Pollovic is at lunch in the Senate dining room with one of his constituents.
Miz Marma is a thirty-something teacher, who has won a special award for her innovative approaches to education.
Pollovic has been moody and depressed lately, but his staff have been working hard to find ways of cheering him up. Taking an attractive and intelligent young schoolteacher to lunch is definitely cheering him up today.
Pollovic is a bit surprised that he can think of Miz Marma as young. He's so used to being considered a "young" senator, he sometimes forgets that in more general terms he's quite middle aged.
Marma: It's so elegant, here. A far cry from the average school cafeteria.
Pollovic: To me, it's just where I eat lunch. But I'm glad you're enjoying it. You've certainly earned a bit of a reward.
Marma is ~~ openly enjoying ~~ the setting.
Marma: As to that, a teacher who can't convince her students to learn isn't doing her job, is she, now?
Pollovic: I suppose not. But you've done your job exceedingly well. And now you'll go home with a certificate to prove it.
Pollovic smiles and takes another sip of coffee.
Marma: I'm sure that will convince my students to learn their biology!
Marma: At that, I have it easy. It's my colleague Edwin, who teaches history, who really has the challenge. Children have a natural curiosity about their surroundings, but few of them care about events during their grandparents' lifetimes.
Marma takes a sip of her drink.
Pollovic: True. Most youngsters are fascinated by biology at that age. It's hard to make history seem as relevant to the young.
Marma: If it comes to that, I have more interference from some of the parents of my students.
Pollovic: I'd imagine so. How do you deal with it?
Marma: If persuasion doesn't work, I have to back down. At least in appearance.
Pollovic: And in reality?
Marma: It depends on what the information is, and how critical I think it is for my students.
Pollovic: I suspect the most critical bits are also the most controversial.
Marma: Some things I can compromise on: I'll spend a little time talking up farming, for instance, instead of taking other examples from non-domesticated plants and animals. On the other hand, there are some hot-button issues that require a more clandestine approach.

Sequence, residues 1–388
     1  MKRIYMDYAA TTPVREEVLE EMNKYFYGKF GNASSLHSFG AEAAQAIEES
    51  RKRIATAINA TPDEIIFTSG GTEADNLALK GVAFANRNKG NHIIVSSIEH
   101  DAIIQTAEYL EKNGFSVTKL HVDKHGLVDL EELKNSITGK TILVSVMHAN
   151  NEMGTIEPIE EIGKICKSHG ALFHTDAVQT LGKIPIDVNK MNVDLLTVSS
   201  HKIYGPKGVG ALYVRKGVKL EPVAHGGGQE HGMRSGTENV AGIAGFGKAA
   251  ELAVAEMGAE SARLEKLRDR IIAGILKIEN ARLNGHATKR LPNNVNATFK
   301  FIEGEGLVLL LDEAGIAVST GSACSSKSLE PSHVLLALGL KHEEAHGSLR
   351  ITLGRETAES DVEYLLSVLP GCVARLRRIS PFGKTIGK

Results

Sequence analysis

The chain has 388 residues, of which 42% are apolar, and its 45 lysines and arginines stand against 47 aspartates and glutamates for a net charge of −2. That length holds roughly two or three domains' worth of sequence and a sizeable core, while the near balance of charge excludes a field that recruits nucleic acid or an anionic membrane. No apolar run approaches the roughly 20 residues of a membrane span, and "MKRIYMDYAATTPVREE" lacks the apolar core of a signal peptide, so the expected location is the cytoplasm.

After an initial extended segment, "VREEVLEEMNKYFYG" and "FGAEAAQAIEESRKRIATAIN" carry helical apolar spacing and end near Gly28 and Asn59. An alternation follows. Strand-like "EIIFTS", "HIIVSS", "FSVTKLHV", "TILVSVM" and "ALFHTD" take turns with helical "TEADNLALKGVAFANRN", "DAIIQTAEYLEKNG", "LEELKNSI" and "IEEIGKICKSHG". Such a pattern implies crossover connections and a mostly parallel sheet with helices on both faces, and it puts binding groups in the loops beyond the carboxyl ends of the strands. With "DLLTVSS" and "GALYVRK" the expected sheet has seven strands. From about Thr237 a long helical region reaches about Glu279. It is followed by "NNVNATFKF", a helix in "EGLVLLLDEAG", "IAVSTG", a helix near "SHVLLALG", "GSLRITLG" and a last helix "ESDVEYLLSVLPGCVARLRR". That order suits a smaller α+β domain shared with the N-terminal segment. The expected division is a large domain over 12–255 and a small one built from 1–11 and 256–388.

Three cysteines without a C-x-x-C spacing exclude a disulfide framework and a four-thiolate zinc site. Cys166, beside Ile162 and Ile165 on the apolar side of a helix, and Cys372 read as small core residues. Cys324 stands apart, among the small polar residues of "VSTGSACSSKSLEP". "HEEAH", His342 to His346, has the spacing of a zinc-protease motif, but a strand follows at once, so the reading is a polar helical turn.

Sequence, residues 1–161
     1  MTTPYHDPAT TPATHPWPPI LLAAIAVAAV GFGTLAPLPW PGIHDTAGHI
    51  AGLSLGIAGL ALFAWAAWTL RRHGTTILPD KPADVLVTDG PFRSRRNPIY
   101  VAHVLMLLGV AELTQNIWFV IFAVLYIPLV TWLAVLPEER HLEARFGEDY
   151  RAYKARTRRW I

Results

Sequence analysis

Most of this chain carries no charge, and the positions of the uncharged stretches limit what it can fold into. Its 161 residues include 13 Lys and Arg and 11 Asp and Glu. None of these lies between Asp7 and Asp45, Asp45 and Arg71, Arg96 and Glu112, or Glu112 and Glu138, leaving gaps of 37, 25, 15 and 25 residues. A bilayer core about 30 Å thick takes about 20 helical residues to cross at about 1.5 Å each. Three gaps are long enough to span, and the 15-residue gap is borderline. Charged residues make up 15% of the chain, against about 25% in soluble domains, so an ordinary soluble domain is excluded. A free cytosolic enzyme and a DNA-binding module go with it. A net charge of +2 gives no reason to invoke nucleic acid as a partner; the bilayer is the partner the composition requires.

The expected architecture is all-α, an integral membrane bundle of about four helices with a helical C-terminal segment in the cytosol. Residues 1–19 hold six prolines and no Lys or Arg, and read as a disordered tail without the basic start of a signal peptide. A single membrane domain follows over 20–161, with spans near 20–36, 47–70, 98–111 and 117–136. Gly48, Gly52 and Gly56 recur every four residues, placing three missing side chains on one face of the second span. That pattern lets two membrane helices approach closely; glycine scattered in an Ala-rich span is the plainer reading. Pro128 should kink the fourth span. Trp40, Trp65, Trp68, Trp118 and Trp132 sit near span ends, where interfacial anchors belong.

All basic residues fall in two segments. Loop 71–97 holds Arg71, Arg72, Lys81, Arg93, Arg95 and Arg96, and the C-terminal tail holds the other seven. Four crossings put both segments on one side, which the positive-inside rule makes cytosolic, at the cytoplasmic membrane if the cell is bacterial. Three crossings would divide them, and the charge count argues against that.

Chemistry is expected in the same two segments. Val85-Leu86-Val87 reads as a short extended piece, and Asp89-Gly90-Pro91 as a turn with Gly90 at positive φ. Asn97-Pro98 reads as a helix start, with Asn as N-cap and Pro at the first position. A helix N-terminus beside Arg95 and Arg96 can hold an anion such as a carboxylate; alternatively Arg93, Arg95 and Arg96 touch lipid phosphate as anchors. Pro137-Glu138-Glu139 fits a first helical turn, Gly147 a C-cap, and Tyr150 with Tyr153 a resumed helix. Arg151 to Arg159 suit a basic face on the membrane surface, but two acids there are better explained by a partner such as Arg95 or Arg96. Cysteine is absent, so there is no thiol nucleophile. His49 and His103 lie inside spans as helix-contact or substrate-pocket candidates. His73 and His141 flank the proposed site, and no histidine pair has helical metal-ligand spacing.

Marma looks at Pollovic ~~ frankly ~~.
Pollovic smiles and gestures for her to say more.
Marma: I'm not completely sure I should deprive you of "plausible deniability". On the other hand, I am rather proud of my subterfuge.
Pollovic: I'm not sure I've got much of a reputation left to lose.
Marma: Oh, dear, yes. I do want you to know that many folks back home think you were terribly brave.
Pollovic gives a much more genuine smile.
Pollovic: Thank you. Hearing that means a lot.
Marma smiles back.
Marma: You're welcome, I'm sure.
Marma settles back in her chair.
Marma: You're aware, I'm sure, that one of the most controversial recent additions to the curriculum has been the unit on adult biology? It's not that it's explicit, but we do have to cover the material objectively. And many parents feel strongly that such issues should not be taught objectively.
Pollovic: It's frightening how many people think nothing has changed since before Unity.
Marma: The parents who object most are those who want their children to learn about turning Sime in their churches. And what's taught there is usually not accurate or helpful, in my biased opinion.
Marma has strongly biased opinions that children ought to be provided with scientifically accurate information about the changes adulthood will make in their bodies.
Marma: Those parents are a minority, it's true, but they're a vocal one.
Pollovic: And they have centuries of tradition on their side.
Marma: I'm not such a fan of history as to think that excuses teaching children lies, or enforcing ignorance.
Pollovic: I couldn't agree more. But you and I are still in a minority, I'm afraid.
Pollovic takes another bite of potato salad.
Marma: Sadly, yes. Anyway, those parents who don't want their children to learn exercise their rights and take their children out of class during the adult biology unit.
Pollovic: And your solution to that is...?
Marma grins, making her look five years younger -- and quite a bit more attractive.
Marma: I'm very careful to defer completely to the wishes of the parents of these children.
Pollovic: Except that...?
Marma: I explain to my classes what the unit will cover, in detail, a week before I begin. Then I pass out the permission slips, and tell them that only kids who have signed slips will be allowed access to this information.
Pollovic gestures for her to continue.
Marma: I will admit to phrasing it in terms such as "Some parents think children should not be exposed to such material, on grounds of lack of maturity."
Marma's eyes twinkle.
Marma: And of course, this gets them very curious about the material. Especially the ones whose parents forbid them to take the class.
Pollovic: So then the creative youngsters...?
Marma: Well, there are several approaches I use.
Pollovic waves a fork in a "please continue" gesture.
Marma: When I pass out materials, such as pamphlets and handouts, I often forget to count just how many copies I ought to make -- a shocking waste of paper and resources, but I'm so used to making one copy for everyone...
Marma gives a "helpless" shrug.
Pollovic: Such an understandable error.
Marma: I put the extras in my recycling bin in the back corner of the room. It's by the pencil sharpener.
Pollovic: A most appropriate location.